Proton therapy can treat brain tumors, breast cancer esophageal cancer, gastrointestinal cancer, liver cancer, lung cancer, lymphoma, pancreatic cancer, and pediatric cancers, among others. Dr. Matthew Hall, Lead Pediatric Radiation Oncologist with Miami Cancer Institute, says proton therapy is commonly used for adults and children with brain tumors, because the nerves that control the vision, and the hearing centers within the brain can be spared. "The primary indication for proton therapy is any curable tumor where we can provide significant sparing of normal structures. Breast cancer is actually a very common type of tumor we treat with proton therapy, particularly left sided breast cancers when we need to treat the regional lymph nodes that are in close proximity to the heart."
Dr. Matthew Hall, Lead Pediatric Radiation Oncologist with Miami Cancer Institute, explains a cyclotron is a powerful magnet that helps speed the protons up and deliver them to the patient for treatment, because they need to be sped up to 2/3 the speed of light. He says proton therapy delivers damage to the DNA that causes it to die, but it can reduce the radiation exposure to surrounding tissues.
Dry mouth, difficulty swallowing, stiffness in the jaw, nausea, and tooth decay are some of the symptoms of radiation therapy. Dr. Matthew Hall, Lead Pediatric Radiation Oncologist with Miami Cancer Institute, says those are some of the toxicities they can expect from patients who are treated with conventional radiation for head and neck cancer. He points out the purpose of proton therapy is to significantly reduce these side effects. Some of the side effects of proton therapy are fatigue, headaches, and hair loss around the part of the patient's body being treated.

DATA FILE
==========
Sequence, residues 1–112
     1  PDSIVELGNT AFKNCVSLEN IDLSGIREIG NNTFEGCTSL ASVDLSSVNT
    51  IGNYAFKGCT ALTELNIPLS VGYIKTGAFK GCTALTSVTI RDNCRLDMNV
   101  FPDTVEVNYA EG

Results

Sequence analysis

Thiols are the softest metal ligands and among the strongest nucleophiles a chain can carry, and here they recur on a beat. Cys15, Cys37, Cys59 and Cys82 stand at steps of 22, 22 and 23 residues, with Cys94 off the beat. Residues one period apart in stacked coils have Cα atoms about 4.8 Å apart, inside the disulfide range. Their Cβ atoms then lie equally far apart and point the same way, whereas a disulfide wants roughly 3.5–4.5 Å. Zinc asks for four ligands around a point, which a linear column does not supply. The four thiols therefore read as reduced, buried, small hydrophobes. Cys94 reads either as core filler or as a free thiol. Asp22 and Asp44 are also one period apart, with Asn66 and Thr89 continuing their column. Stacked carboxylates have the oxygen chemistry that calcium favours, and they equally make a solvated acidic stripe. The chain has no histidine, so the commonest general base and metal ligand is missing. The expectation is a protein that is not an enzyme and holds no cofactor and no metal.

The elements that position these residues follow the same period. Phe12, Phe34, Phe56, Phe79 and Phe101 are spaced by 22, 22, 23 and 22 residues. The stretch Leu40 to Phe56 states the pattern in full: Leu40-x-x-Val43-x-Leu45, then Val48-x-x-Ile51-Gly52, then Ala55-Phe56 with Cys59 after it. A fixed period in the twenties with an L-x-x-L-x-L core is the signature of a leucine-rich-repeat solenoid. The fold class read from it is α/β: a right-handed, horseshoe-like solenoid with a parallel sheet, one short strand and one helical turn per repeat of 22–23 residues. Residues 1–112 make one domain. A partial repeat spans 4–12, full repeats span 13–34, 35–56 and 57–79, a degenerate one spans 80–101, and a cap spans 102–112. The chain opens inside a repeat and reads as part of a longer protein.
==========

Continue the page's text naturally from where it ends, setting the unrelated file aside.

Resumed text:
Dr. Matthew Hall, Lead Pediatric Radiation Oncologist, says at the Miami Cancer Institute the approach has not been to sell just proton therapy, but it has been to identify the best form of radiation treatment for each individual patient. He explains he has a partnership with Nicholas Children's Hospital. "They have 10 pediatric oncologists, 3 pediatric neurosurgeons and the entire care team, but I am the one person they are missing and that's the pediatric radiation oncologist."
Dr. Matthew Hall, Lead Pediatric Radiation Oncologist with Miami Cancer Institute, says in proton therapy, they are one of the most active segments from Baptist Hospital in the cancer program. "Every child who comes to radiation oncology with a curable brain tumor is a candidate for a clinical trial that we have open and ongoing right now." He points out the clinical trial is looking at volumetric changes within the brain, how the brain anatomy changes, and how the function of the brain changes over time as a consequence of radiation therapy.